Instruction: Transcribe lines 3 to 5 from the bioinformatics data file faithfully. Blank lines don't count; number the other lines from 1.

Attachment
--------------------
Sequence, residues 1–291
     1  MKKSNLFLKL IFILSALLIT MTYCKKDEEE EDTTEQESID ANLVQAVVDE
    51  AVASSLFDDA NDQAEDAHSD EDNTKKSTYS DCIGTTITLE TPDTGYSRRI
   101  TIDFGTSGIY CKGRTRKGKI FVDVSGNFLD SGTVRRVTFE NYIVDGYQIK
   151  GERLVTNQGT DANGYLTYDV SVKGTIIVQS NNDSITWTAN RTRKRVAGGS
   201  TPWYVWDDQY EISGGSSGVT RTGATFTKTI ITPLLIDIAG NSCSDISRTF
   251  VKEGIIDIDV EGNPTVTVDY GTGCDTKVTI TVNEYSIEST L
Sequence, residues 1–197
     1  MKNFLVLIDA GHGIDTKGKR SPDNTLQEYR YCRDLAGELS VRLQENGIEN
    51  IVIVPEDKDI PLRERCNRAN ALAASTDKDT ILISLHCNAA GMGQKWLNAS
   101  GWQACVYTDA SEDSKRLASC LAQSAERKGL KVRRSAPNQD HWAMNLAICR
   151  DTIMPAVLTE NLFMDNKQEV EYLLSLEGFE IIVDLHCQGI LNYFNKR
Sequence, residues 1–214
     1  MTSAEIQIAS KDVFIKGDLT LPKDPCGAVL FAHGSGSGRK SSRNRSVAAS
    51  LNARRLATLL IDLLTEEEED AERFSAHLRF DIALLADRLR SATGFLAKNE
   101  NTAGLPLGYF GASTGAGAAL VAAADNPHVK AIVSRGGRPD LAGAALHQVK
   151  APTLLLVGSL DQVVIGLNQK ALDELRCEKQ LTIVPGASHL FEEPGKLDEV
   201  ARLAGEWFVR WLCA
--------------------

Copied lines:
    51  AVASSLFDDA NDQAEDAHSD EDNTKKSTYS DCIGTTITLE TPDTGYSRRI
   101  TIDFGTSGIY CKGRTRKGKI FVDVSGNFLD SGTVRRVTFE NYIVDGYQIK
   151  GERLVTNQGT DANGYLTYDV SVKGTIIVQS NNDSITWTAN RTRKRVAGGS